Have I gone too far? Is this within the realm of possibility or is it fundamentally flawed from the physics standpoint? I deal with pings and pipes, so the above is based solely on High School Physics thirty years out of date.

Thoughts?
- I love to find adventure. All I need is a change of clothes, my Nikon, an open mind and a strong cup of coffee.

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Re: Oil, oil everywhere, and not a drop to drink

Postby swp » Wed Jun 09, 2010 10:23 am

Barber wrote:Okay, everyone's running in circles deeming the oil spill in the gulf as a disaster, and there's no question that's an accurate assessment.

agreed.
Barber wrote:My fear is that a tipping point will occur between the pressure from above and the pocket below. What impact will this have on the sea floor (one can expect some form of subsidence), and would it be a gradual change or does it have the potential for a pseudo-seismic event of short duration. Could a large portion of the sea floor "cave in"?

I suspect it is a gradual change, at the rate the field is being depleated, and ongoing. I thought it was salt water that they pumped in, since nothing else can match the sheer volume of what they pump out. The "cave in" is probably happening, just really really slowly.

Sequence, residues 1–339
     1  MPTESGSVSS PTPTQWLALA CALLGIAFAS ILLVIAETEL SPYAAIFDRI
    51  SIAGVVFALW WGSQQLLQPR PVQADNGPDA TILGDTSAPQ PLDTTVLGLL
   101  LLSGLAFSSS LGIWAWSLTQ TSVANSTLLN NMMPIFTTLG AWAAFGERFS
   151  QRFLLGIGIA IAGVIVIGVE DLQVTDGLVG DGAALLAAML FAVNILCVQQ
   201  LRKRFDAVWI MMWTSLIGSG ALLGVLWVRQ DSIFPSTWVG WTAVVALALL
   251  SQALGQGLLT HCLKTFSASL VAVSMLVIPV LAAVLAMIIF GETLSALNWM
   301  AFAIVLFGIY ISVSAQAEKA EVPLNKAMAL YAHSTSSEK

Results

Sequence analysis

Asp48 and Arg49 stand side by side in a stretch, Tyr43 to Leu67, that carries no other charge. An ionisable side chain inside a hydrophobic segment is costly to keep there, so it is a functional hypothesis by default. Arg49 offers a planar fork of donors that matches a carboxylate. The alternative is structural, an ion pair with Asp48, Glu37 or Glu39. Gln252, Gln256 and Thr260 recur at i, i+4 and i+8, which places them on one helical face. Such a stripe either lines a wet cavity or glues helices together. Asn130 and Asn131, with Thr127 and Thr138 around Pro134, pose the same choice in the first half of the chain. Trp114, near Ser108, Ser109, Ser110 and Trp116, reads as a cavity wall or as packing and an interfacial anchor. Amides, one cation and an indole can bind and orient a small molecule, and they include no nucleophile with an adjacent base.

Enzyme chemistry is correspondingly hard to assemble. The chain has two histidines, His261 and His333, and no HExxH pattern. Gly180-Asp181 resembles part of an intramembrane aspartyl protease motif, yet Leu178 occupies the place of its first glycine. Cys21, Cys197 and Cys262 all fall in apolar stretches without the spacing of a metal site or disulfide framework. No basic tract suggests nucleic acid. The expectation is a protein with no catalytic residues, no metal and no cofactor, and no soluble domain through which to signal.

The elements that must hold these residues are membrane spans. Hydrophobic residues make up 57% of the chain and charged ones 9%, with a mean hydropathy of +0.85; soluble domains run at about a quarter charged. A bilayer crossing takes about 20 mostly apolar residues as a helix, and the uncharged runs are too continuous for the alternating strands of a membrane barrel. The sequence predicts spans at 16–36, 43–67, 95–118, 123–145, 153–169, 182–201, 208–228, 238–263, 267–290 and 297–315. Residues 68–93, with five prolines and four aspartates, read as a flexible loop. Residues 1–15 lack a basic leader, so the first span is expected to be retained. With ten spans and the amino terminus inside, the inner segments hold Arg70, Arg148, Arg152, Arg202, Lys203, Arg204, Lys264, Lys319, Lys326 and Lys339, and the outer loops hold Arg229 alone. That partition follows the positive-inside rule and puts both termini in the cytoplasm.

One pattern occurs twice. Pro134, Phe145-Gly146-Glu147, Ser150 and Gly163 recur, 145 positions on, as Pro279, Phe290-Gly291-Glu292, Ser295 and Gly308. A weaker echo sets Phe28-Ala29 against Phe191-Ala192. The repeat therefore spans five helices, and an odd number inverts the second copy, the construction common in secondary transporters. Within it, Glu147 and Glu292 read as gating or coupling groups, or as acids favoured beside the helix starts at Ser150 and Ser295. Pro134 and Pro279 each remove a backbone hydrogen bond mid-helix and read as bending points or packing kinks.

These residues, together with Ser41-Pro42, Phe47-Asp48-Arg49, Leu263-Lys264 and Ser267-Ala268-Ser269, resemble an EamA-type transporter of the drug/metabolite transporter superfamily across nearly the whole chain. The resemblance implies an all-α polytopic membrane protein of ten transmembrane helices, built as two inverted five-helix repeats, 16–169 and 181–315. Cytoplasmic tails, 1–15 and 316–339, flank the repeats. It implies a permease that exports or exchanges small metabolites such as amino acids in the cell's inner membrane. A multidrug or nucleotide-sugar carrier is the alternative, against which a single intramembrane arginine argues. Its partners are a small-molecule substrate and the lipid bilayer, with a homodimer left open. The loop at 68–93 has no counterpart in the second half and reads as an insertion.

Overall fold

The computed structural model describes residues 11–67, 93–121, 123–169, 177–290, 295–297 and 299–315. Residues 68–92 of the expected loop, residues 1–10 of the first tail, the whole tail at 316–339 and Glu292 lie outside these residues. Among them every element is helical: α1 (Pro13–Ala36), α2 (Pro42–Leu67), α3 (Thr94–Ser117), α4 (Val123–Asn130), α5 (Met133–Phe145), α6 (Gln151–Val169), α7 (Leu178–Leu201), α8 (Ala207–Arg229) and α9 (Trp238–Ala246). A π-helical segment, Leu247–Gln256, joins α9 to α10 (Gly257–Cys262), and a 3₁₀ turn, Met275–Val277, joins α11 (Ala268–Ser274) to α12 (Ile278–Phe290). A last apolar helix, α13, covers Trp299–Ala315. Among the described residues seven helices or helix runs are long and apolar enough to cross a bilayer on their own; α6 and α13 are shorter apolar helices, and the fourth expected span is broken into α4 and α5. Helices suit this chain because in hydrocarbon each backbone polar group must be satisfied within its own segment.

Barber wrote:Have I gone too far?

Yes.
:-)
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Re: Oil, oil everywhere, and not a drop to drink

Postby Steve Evil » Thu Jun 10, 2010 2:19 am

Was it Frank who suggested that Jules Verne should fix the spill? I'm sure Captain Nemo would know what to do. . .

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Re: Oil, oil everywhere, and not a drop to drink

Postby Moderator » Thu Jun 10, 2010 7:07 am

Steve Evil wrote:Was it Frank who suggested that Jules Verne should fix the spill? I'm sure Captain Nemo would know what to do. . .



Sink all of BP's ships, no doubt.
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Re: Oil, oil everywhere, and not a drop to drink

Postby FrankChurch » Fri Jun 11, 2010 1:21 pm

Morning Joe was in Pensacola Beach, a beautiful white sand beach and they were harping on about how people need to visit the area, eat at restaurants, shop, enjoy themselves. They forget that Americans are the most frightened people on the planet. These are the people who refused to go to Europe during the Gulf War because they were afraid that Hussein might bomb a Paris eatery. It was complete fanaticism. Then you had 9/11, people signed on to Bush's dismantling of the freedoms we shared and went along with eight years of illegal uglyness.